Associate Dean for Research and Professor of Law at Indiana University School of Law in Bloomington, Hannah teaches Comparative Law, Contracts, International Business Transactions, and International Litigation. Her publications, which have appeared in English and in German, treat issues of of private international law and international litigation and jurisdiction. Her guest post below examines U.S. courts and what she call the "foreign-cubed" class action.
Hannah earned her B.A. and J.D. degrees from Cornell University, Ithaca, New York, and an LL.M. from the University of Heidelberg in Germany. Before joining Indiana's faculty, she worked in the New York and Frankfurt offices of Davis Polk & Wardwell. A member of the Executive Committee of the American Society of Comparative Law, Hannah serves as co-book review editor of the American Journal of Comparative Law, is a member of the International Academy of Comparative Law and the American Law Institute, and has served on the Executive Council of the American Society of International Law (the last body, coincidentally, is discussed today in another post below).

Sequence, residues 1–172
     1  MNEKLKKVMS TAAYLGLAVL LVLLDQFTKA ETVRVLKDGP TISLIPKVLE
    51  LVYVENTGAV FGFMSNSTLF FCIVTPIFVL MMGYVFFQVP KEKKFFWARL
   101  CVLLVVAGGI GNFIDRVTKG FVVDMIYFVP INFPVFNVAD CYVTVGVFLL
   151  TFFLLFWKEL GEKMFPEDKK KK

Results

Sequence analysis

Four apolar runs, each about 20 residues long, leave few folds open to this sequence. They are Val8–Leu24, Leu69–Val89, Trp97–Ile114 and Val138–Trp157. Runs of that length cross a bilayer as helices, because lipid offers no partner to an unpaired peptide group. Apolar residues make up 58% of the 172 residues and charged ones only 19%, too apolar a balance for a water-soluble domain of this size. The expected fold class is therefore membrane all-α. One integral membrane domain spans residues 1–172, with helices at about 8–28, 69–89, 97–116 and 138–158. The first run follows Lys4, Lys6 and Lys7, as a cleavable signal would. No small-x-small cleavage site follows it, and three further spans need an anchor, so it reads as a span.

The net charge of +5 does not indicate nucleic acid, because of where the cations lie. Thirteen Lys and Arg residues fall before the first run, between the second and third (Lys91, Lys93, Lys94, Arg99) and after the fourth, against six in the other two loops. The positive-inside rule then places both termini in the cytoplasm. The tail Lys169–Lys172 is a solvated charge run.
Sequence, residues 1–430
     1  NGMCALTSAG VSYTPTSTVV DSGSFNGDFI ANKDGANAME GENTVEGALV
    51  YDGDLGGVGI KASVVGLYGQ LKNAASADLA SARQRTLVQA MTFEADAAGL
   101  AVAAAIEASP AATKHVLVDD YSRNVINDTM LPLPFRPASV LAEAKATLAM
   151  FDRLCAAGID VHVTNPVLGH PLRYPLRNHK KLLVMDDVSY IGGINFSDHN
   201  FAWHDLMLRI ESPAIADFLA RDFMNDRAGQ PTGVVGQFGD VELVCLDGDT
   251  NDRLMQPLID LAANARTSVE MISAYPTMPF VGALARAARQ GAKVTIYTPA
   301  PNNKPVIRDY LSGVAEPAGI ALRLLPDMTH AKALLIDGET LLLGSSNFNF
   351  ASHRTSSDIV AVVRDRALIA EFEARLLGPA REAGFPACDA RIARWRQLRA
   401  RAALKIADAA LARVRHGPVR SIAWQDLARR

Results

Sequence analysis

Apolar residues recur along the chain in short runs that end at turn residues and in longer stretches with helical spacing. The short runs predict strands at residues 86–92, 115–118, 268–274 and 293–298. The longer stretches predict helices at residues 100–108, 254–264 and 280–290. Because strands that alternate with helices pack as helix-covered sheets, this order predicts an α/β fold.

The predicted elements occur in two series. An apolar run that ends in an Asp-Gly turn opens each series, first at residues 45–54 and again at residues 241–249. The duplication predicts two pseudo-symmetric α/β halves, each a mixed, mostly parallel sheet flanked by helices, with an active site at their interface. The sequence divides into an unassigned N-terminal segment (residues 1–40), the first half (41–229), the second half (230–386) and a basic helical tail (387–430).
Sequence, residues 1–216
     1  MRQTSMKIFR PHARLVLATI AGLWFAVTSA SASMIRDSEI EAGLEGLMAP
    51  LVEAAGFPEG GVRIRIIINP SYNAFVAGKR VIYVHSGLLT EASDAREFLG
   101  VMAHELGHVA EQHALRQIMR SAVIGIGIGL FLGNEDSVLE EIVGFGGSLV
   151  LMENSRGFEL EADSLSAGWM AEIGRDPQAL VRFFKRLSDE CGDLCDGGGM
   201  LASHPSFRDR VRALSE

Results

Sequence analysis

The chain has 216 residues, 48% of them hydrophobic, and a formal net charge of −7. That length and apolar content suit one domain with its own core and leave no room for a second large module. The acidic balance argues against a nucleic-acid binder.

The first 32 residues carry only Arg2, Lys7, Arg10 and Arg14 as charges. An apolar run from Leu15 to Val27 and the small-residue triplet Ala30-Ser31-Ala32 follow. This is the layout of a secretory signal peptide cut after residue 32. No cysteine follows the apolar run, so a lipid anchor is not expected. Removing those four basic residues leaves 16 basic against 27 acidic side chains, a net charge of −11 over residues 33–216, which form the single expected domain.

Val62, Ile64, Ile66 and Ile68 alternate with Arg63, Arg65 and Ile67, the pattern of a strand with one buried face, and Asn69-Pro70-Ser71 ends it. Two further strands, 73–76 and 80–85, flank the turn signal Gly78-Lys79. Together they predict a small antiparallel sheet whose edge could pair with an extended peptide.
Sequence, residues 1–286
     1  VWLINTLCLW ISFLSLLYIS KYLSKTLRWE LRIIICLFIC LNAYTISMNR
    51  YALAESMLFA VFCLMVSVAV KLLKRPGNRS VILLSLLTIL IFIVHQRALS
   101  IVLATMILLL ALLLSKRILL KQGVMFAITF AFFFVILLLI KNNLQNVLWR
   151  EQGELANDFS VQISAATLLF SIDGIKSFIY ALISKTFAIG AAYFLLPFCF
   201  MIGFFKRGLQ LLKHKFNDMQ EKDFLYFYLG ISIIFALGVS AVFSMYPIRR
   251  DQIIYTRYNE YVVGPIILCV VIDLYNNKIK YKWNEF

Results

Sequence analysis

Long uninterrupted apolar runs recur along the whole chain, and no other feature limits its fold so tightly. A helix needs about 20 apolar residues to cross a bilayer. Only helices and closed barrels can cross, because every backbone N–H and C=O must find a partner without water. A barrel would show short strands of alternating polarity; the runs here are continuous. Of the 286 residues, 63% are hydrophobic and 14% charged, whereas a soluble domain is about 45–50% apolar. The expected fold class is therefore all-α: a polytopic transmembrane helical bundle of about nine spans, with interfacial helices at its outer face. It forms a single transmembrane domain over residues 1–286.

Hannah would like to dedicate her guest post to a transnational pioneer: her mom, Wiebke Buxbaum, who was born and raised in Germany. She received her doctorate in law from the University of Cologne and then an LL.M. from the University of California at Berkeley. After deciding to make her home in the United States, she "started over," as Hannah puts it, earning a J.D. from Berkeley and joining Brobeck Phleger & Harrison, where she specialized in corporate and banking law and became the 1st woman to make partner at that San Francisco firm.